Dancing around the world with Irene Ureña

Happy Birthday!

Irene is a dancer from Almuñécar and who, at just the age of two, started out in the world of dance at Almuñecar’s Aromar dance academy. At the age of eight she joined the Conservatorio Profesional de Danza Reina Sofía, in Granada, with Alejandro Donaire as her teacher. In 2010, she moved to Madrid to continue her studies at the Real Conservatorio Profesional de Danza Mariemma, where she graduated in 2013. Two years later she joined the Compañía Nacional de Danza, under the artistic direction of José Carlos Martínez.


Good morning Irene. How are you? And a very happy birthday.

I’m very well, thank you.

OK. Tell us … in the professions related to the world of the arts, the word vocation is very often present. Where does your passion for dance come from?

To be honest, I don’t really know where it comes from … maybe … Well, there are many artists in my family; mostly musicians. But in dance, I started at the age of two when my mother took my sister to the academy and I wanted to stay there too. The teacher thought I’d soon get bored as I was so little; but here we are, still (laughter).

We all have our muse – people who inspire us. Who are your reference points and why?

Marianela Núñez is really an exemplary dancer to me—both as a dancer and as a person. She is always humble and honest in her work… She’s been an influence to me since I was twelve.

You’ve studied at different places in Spain and abroad, though for seven years Alejandro Donaire was your teacher. What was the most important thing he taught you?

Constancy in your work and the belief that everything is achieved through effort. He was a big believer in that and I value it highly, together with dedication and commitment.

When you put yourself forward for the CND auditions there were over 200 others trying to get in also. Did you have, or do you have a plan B or did you not even entertain that?

To be honest, I’d prepared a summer tour of Europe with some auditions lined up but, luckily (laughs) I got to here. f


On being the first student form the Conservatorio de Danza Reina Sofía to join the CND, did you feel some responsibility towards the dancers of Granada?

I always try to give my best and that is all I have to offer. But rather than responsibility, what I’ve noticed from the conservatory in Granada is a lot of support right from the beginning, when they came to see shows or to visit the headquarters. I think that for the younger ones, to see somebody from a that conservatory come to work in this is something that can help them. Although ours is not so well known as the Mariemma, it may inspire them to work harder.


Do you feel like the big sister?

Well (laughs) luckily there are many people who have come out of the conservatory who are dancing in Europe. They are in different companies or are working freelance and that really makes me feel good so, in the end, I share it with them.

Is there anything you miss about Granada? Food, places, climate …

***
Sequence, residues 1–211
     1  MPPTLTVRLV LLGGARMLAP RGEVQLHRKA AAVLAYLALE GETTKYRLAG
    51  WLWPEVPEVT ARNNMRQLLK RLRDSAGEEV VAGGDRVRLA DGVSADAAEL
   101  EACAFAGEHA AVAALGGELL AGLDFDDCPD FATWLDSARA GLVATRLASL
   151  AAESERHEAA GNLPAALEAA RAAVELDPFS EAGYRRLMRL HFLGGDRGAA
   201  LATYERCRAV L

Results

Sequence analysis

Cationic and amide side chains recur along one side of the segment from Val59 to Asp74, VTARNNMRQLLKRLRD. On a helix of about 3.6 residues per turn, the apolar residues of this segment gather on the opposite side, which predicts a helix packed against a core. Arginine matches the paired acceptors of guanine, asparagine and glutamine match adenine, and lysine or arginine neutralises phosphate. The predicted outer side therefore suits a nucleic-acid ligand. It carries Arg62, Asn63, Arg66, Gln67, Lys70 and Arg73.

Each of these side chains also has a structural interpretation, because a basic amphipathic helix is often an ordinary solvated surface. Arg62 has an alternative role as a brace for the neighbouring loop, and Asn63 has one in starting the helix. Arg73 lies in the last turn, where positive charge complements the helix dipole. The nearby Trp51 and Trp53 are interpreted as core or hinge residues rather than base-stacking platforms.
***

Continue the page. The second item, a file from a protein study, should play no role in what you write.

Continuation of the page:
The day-to-day tranquility maybe. I don’t know. The people there are kind to you; the pace of life is slower. So, I guess I’d say: the people, the tranquility and being close to nature. I guess here you can also escape but, there, you are on the beach in a flash, or in the mountains. For me, Granada is such a privileged place. .


Madrid is hectic?

Yes, much more. But it also has its good side; you never get bored here. There’s also a greater range of opportunities of all types.

What do you like most about dancing; I mean making dance your lifestyle?

I love the way dance always poses new challenges. And you have to find the means to meet them, which also affects your life because it makes you very disciplined; it makes you see how you can achieve things with hard work; at the end of the day, it directly affects your life, in and out of work.


Apart from dance, what other art forms do you like? Who do you share them with?

Music has always been part of my life from the get go, both with my family and classical music, as I said, and commercial music. It really helps with my routine and, in fact, I start the day off listening to music.

And, well, now, I’m learning the ukulele (laughs). And painting; I’ve always loved it. It’s something a share with my sister and my mother… well, whenever it is possible.

What is your fondest memory related with dance?

Coming to Madrid has been pivotal. It was with that step that I decided that I was really going to devote myself to this, as it mean leaving my family in Granada at the age of 15. It’s thanks to Alejandro Donaire that I’m here. He showed me that this possibility existed and thanks there also go to my family, who have always supported me. Of course, entering the Company was a big real step, the most important one; but everything changed when I came to Madrid.

And regarding my professional life, I have a lot of precious memories. I couldn’t just choose one. I guess I’d say the moments in the studio and on stage that have made me grow.


Having done all that, if you could talk with your old self of the past, what would you tell her about dance?

To keep working at it, keeping the dream in sight, that all will come in the end.

And to finish, seeing that it is your birthday, we need to toast it, no? So, a classic question: are you more a wine person or do you prefer a pint?

I don’t like alcohol but, well, if I must choose, I’d choose wine. But a sweet wine, almost a “mosto” grape juice (laughs)




Interview by: Monserrat Martínez